Talismans drawing on the combined iconographies of lions and dragons proliferated on the walls and doors of cities and civic institutions in early thirteenth-century Iraq, Syria, and Anatolia. This article examines them in light of three different medieval theoretical models, seeking to shed light on why intelligent people in their original milieus might have expected such talismans to have protective power.
Symmetry, Sympathy, and Sensation: Talismanic Efficacy and Slippery Iconographies in Early Thirteenth-Century Iraq, Syria, and Anatolia
Persis Berlekamp is Associate Professor of Art History and the College at the University of Chicago, where she teaches a range of topics in the history of Islamic art and architecture She is the author of Wonder, Image, and Cosmos in Medieval Islam and is currently writing a book on Islamic talismans.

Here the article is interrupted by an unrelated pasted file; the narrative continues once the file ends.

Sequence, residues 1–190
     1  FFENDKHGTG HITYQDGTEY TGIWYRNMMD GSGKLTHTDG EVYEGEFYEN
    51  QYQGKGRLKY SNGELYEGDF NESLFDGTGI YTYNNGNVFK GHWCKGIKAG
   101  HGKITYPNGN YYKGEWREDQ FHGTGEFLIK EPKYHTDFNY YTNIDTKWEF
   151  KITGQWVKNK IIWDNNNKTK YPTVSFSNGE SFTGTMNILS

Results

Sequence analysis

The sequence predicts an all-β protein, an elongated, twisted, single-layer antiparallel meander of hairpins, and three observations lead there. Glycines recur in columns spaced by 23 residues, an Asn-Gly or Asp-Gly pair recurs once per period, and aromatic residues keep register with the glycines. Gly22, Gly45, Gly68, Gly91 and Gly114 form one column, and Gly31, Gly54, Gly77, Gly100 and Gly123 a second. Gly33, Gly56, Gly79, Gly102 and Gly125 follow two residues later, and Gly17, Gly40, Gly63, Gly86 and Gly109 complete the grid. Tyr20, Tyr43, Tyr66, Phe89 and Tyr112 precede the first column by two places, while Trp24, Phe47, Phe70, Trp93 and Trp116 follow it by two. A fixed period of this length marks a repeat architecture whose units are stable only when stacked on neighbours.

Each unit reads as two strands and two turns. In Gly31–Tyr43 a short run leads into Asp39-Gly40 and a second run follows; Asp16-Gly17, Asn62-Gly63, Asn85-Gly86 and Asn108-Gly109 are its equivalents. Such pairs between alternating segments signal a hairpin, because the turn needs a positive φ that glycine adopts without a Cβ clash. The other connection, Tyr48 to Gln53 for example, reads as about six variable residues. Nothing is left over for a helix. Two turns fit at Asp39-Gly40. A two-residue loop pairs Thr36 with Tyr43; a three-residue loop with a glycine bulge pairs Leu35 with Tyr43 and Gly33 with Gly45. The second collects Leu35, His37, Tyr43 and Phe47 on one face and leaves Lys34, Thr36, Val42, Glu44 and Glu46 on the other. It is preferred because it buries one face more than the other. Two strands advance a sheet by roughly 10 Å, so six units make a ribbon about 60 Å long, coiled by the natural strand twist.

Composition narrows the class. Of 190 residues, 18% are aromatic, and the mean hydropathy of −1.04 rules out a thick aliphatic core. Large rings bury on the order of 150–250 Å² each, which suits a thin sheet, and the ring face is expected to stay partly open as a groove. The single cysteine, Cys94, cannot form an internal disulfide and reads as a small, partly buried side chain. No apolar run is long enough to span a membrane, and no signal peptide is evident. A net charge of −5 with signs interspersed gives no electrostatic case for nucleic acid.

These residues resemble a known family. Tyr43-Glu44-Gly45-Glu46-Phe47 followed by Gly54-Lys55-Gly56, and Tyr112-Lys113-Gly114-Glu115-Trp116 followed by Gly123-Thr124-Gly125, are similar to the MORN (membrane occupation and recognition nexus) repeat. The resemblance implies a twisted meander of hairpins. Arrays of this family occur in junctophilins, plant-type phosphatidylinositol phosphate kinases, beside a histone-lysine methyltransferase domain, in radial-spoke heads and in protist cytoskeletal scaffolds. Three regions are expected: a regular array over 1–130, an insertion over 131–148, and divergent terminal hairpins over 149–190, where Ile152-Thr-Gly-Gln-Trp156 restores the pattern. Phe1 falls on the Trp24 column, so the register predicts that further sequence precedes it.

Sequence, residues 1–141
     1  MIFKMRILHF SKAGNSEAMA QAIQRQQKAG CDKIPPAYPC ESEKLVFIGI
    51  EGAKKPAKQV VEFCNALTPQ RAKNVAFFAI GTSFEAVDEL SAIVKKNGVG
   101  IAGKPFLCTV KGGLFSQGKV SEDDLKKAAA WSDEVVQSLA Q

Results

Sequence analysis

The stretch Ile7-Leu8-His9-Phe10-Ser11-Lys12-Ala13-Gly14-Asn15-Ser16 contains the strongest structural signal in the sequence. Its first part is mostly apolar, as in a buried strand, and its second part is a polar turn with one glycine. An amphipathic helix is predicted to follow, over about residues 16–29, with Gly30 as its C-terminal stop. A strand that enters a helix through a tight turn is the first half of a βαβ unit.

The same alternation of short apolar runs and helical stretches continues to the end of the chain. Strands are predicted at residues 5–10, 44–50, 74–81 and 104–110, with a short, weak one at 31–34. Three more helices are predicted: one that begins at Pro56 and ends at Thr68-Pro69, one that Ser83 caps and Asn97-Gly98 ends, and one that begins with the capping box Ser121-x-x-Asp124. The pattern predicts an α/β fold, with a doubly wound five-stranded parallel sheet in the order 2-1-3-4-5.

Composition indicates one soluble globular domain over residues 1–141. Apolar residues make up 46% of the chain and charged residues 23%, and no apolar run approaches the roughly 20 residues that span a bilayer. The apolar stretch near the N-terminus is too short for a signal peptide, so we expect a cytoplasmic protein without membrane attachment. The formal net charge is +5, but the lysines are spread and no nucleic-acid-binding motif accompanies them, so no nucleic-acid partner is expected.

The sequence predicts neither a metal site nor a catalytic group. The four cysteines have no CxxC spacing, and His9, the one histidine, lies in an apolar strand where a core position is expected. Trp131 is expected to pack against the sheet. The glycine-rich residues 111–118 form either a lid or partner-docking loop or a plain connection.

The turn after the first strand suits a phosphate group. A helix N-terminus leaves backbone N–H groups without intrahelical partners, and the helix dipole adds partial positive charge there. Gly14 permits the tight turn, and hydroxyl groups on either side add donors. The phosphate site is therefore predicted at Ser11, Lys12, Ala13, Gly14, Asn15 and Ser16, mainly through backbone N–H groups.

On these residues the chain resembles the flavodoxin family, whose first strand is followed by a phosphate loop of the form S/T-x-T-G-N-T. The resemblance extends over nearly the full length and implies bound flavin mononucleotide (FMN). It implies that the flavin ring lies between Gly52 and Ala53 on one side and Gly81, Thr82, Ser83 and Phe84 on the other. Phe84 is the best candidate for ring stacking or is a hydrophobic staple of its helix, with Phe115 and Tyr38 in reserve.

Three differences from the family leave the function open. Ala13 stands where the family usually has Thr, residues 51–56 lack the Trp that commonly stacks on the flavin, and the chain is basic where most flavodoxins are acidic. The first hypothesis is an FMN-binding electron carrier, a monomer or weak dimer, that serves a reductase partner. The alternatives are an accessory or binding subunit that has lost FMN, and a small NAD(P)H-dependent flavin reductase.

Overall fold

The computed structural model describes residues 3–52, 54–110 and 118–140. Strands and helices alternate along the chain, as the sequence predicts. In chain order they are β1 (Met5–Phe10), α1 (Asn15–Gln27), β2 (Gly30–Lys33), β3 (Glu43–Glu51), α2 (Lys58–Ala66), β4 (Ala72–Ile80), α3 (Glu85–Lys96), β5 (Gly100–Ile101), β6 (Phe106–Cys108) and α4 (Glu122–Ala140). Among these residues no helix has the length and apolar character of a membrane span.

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Persis Berlekamp; Symmetry, Sympathy, and Sensation: Talismanic Efficacy and Slippery Iconographies in Early Thirteenth-Century Iraq, Syria, and Anatolia. Representations 1 February 2016; 133 (1): 59–109. doi: https://doi.org/10.1525/rep.2016.133.1.59
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